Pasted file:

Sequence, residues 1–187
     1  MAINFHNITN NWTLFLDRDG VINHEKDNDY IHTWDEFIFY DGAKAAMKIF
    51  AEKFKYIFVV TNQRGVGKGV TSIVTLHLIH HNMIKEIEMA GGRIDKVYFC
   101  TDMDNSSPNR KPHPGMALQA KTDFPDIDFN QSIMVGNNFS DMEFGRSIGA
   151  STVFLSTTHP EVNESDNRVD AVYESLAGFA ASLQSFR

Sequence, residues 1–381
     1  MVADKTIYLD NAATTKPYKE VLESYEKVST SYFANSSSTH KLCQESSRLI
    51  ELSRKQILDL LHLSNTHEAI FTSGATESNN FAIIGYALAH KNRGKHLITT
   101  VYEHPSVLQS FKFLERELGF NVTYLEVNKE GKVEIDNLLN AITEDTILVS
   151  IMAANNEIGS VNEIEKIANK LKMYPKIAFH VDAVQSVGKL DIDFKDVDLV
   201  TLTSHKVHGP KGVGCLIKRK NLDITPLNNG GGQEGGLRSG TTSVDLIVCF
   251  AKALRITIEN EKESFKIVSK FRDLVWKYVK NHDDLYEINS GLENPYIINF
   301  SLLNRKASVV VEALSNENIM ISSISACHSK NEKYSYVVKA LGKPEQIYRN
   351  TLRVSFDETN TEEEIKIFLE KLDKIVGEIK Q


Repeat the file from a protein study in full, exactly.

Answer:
Sequence, residues 1–187
     1  MAINFHNITN NWTLFLDRDG VINHEKDNDY IHTWDEFIFY DGAKAAMKIF
    51  AEKFKYIFVV TNQRGVGKGV TSIVTLHLIH HNMIKEIEMA GGRIDKVYFC
   101  TDMDNSSPNR KPHPGMALQA KTDFPDIDFN QSIMVGNNFS DMEFGRSIGA
   151  STVFLSTTHP EVNESDNRVD AVYESLAGFA ASLQSFR

Sequence, residues 1–381
     1  MVADKTIYLD NAATTKPYKE VLESYEKVST SYFANSSSTH KLCQESSRLI
    51  ELSRKQILDL LHLSNTHEAI FTSGATESNN FAIIGYALAH KNRGKHLITT
   101  VYEHPSVLQS FKFLERELGF NVTYLEVNKE GKVEIDNLLN AITEDTILVS
   151  IMAANNEIGS VNEIEKIANK LKMYPKIAFH VDAVQSVGKL DIDFKDVDLV
   201  TLTSHKVHGP KGVGCLIKRK NLDITPLNNG GGQEGGLRSG TTSVDLIVCF
   251  AKALRITIEN EKESFKIVSK FRDLVWKYVK NHDDLYEINS GLENPYIINF
   301  SLLNRKASVV VEALSNENIM ISSISACHSK NEKYSYVVKA LGKPEQIYRN
   351  TLRVSFDETN TEEEIKIFLE KLDKIVGEIK Q